Nobody with access to a computer and Google will figure that one out. Yeah, right. Now if your novel is an alternate history work, or some such, this would make a great shout out to the King of Sparta. Otherwise it’s pretty flimsy.

As cool as prophecies might be, they are not a cure all for what ails your story. So be careful how you use them, if you use them at all.

And now for another Nostromo AMV. Enjoy!

Cartography (in Greek chartis = map and graphein = write) is the study and practice of making geographical maps. Combining science, aesthetics, and technique, cartography builds on the premise that reality can be modeled in ways that communicate spatial information effectively.

I suck at drawing. I suck so bad that if I draw a stick figure, it looks at me and gives me the finger. So when it comes to maps I am no good.

But why are maps important in speculative fiction?

Because they tell you the shape of the world/universe you created.

I mean, yes you can always do the old “Here be dragons” bit. That works fine when you’re on your first draft. All you need is a starting location and then you go from there. However, if you want to inject a sense of realism into your story (or at least create a logically consistent framework of reference) you need to start pinning down where everything is.

For example, your story begins in a charming village at the edge of a pine forest. That village could be anywhere. Then the Big Bad shows up and razes it to the ground. Now the hero has to pick himself from the ground, grab his father’s old (yet surprisingly non-rusty) sword and hunt down the murderer?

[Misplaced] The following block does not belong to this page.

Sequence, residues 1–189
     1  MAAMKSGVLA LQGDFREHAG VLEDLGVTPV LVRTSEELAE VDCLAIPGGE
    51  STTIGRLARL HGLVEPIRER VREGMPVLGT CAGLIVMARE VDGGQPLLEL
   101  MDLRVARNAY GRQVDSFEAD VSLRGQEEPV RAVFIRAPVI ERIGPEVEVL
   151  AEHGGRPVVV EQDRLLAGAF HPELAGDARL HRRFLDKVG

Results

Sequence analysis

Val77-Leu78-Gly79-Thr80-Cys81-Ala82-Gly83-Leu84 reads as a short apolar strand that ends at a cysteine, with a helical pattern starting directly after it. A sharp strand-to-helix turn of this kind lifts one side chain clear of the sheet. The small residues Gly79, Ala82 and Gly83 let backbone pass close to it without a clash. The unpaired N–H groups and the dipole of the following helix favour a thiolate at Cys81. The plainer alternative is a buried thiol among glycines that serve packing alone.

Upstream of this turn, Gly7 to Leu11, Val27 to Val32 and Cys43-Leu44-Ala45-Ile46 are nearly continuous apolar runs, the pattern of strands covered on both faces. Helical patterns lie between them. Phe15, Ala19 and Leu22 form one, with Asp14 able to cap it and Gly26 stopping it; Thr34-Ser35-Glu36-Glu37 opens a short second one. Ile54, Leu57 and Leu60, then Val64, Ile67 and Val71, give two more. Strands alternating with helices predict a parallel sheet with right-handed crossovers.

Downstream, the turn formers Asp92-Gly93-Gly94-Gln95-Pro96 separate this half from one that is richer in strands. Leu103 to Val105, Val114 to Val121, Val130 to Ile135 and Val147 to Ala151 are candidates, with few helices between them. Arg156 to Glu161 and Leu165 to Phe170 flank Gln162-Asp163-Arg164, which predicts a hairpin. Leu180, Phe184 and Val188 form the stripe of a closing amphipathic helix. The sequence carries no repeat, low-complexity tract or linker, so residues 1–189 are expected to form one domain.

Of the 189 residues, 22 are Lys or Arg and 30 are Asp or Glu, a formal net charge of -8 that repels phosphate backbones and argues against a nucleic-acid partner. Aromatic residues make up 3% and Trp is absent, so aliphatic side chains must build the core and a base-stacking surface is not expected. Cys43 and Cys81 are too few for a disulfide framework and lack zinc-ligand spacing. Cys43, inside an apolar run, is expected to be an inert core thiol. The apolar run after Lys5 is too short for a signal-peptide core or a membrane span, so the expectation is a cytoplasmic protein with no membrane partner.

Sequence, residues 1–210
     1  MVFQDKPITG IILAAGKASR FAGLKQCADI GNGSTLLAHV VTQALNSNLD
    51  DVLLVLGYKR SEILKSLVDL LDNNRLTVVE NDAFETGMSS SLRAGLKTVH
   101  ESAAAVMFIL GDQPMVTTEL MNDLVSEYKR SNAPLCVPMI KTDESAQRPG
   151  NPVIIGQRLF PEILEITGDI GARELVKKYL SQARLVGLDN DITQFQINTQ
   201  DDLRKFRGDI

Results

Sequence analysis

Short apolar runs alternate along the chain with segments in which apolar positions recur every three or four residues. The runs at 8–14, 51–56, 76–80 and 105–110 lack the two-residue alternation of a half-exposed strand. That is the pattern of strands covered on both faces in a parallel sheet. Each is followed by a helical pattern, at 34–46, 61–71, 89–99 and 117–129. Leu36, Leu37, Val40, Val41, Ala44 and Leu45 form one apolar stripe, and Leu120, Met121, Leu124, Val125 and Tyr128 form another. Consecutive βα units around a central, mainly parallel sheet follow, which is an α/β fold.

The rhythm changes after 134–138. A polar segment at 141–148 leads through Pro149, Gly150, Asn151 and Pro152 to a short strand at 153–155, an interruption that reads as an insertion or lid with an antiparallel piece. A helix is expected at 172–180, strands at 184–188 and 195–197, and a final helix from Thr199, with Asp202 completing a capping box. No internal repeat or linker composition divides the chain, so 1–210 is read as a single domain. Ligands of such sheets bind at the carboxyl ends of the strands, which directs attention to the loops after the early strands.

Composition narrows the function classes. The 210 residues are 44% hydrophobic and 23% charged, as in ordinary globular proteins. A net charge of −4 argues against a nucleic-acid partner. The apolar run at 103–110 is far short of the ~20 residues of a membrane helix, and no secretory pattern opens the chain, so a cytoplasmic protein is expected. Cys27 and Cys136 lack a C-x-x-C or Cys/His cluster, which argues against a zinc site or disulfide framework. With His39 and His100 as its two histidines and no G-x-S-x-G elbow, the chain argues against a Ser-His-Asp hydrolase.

So where does he go?

To the Mile High mountains in search of one of the Big Bag’s henchman so beat some info- I mean question him on the where about of his master?

Go to the local lord’s castle and ask for help in his quest?

Perhaps go to the nearby city and warn them about the approaching army of darkness?

Go down into the bowels of a ruined temple and search for the Masterful Sword of Awesome Ass Whooping?

So where is it?

A three day ride to the south, across the Chasm of Doomed Idiots or over the Mountains of Nosebleed?

A gentle five week cruise across the Hell-O-Spont?

You can make it up as you go along, relying of massive amounts of handwavium to stave off the equally massive headache of graph paper that awaits you.

You might even pull it off.

So why bother with maps?

It’s a good way to keep everything straight. Think of a map as graphic note taking. As you build your narrative you build the map(s) which tells you where everything is in relation to everything else.

But that assumes that  your building your world as you write. Many a world builder starts big and works his way down. Or you can borrow from the “real world” (or existing fantasy worlds) and simply change/drop names of towns, cities and regions to your heart content.